Community Latticework

A new museum aims to connect locals to an emerging cultural district in Fort Greene, Brooklyn.

Sunil Bald of Studio Sumo is in the tiny back office of the new Fort Greene home of the Museum of Contemporary African Diasporan Arts (MoCADA), which his firm completed in May. Cramped, dark, and tangled with computer cords, the room was originally intended as a storage area. “We try not to come back here,” Bald says. “It’s like the id of the space.” It’s also a fairly good indication of what the ground-floor museum looked like before he and his partner, Yolande Daniels, transformed it from a section of an abandoned ­medical research lab. MoCADA is the first visual arts institution to be installed in the Brooklyn Academy of Music (BAM) Cultural District, set to reshape downtown Brooklyn in the coming years.

As the face of the 80 Arts building, where the BAM Local Development Corporation (BAM LDC) keeps its eighth-floor offices, the museum needed to capture the neighborhood’s attention. Bald and Daniels covered the gallery’s eastern windows with LED displays of the MoCADA logo and enlarged the corner windows to match the more prominent ones in the main entryway. Inside the reception area, a map of the African diaspora requested by the museum’s director turned into a latticework wall of some 2,600 one-by-two-inch blocks of ash wood. The offset-stacked blocks—hand-cut, glued, and doweled in a barn in Ithaca, New York—trace slave-trade locales and contemporary centers of the African presence across 24 time zones. To expand the narrow ­gallery, Sumo installed four movable walls on steel hinges, providing extra wall space as well as screened-off areas for meetings and tours.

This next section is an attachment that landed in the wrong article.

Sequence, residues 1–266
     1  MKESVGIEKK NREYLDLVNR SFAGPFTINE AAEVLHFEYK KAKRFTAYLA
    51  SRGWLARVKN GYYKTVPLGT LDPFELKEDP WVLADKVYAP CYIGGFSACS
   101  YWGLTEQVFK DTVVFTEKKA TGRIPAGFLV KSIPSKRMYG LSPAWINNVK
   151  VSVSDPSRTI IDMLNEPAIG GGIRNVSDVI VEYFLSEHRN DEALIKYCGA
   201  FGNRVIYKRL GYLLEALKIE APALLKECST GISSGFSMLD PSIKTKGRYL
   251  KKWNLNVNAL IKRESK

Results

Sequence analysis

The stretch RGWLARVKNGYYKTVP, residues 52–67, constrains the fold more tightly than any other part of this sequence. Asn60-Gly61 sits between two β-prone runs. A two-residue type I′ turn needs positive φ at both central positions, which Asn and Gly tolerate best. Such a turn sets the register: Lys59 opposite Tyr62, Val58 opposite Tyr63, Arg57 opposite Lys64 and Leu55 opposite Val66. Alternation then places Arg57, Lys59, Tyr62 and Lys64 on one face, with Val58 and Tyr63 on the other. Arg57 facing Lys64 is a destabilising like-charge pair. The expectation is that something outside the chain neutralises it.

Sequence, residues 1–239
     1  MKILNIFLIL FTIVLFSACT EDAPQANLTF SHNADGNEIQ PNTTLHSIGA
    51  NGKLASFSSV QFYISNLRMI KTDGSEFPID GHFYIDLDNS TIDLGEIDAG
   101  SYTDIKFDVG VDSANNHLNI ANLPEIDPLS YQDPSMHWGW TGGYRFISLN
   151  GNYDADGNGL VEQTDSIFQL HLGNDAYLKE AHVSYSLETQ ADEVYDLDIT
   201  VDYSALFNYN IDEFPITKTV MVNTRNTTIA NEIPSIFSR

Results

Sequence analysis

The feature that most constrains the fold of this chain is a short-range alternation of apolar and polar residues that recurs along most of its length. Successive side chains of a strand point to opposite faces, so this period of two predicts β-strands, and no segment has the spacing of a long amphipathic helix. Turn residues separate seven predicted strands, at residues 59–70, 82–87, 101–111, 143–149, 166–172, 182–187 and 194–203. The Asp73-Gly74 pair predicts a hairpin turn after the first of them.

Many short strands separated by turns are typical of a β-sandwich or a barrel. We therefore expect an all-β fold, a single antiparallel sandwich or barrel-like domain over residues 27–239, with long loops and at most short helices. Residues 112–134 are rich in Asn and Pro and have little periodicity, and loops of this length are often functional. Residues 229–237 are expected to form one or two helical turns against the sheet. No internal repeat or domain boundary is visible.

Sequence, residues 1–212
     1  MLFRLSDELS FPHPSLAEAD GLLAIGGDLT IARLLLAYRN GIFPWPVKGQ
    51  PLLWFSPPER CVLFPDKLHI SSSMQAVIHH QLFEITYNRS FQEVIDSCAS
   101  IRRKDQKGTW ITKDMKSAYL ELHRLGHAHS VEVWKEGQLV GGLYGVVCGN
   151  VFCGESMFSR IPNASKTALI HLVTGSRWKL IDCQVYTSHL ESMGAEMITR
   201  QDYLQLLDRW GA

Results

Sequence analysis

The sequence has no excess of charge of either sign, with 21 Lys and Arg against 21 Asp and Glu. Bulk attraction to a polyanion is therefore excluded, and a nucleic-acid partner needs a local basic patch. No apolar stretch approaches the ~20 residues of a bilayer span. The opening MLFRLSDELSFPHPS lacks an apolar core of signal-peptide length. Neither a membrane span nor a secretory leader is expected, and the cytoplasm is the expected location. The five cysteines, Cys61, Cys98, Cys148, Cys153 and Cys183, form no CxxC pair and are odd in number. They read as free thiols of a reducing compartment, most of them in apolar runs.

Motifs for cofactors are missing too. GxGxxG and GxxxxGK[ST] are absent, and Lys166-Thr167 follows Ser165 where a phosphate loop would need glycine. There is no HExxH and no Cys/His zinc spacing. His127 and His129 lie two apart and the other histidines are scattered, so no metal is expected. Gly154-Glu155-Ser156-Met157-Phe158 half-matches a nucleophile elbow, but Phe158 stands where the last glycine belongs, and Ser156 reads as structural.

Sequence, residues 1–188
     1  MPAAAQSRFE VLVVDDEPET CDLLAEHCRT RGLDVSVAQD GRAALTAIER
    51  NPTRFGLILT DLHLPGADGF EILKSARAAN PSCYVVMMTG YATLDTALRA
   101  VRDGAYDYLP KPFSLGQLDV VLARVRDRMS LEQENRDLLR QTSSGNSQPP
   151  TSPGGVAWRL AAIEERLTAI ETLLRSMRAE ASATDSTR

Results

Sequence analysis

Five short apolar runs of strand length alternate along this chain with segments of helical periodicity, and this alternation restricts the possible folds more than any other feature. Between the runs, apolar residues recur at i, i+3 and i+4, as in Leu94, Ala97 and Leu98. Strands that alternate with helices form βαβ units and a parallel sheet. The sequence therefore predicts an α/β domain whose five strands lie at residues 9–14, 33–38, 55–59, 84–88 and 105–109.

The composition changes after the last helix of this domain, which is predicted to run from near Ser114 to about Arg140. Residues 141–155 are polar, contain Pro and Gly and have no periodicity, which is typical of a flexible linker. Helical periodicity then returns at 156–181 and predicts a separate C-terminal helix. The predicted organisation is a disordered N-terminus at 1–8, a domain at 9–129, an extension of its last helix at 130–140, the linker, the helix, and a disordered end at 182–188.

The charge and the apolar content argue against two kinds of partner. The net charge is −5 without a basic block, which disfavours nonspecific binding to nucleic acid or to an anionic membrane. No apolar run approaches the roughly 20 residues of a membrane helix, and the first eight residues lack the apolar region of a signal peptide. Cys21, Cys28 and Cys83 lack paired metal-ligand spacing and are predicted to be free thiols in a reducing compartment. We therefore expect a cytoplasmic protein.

If the modest 1,800-square-foot museum seems an unlikely candidate to anchor the 80 Arts building, then the Gordian knot of race relations and gentrification accompanying both the planned cultural district and the nearby Atlantic Yards development goes a long way toward a rationale. “BAM LDC really wanted this place to be a community foothold,” Bald says, “because all of the other projects they’re doing are these big things—like the Frank Gehry theater and the Enrique Norten library—that the community is understandably wary of.” MoCADA’s executive director, Laurie Cumbo, who founded the museum on the fourth floor of a Bedford-Stuyvesant brownstone as a graduate student in 1999, is more blunt: “Whether they did it to appease the black community or whether they did it because they thought it was a wonderful idea—whatever the motivation behind it was—it’s ultimately a good idea.”

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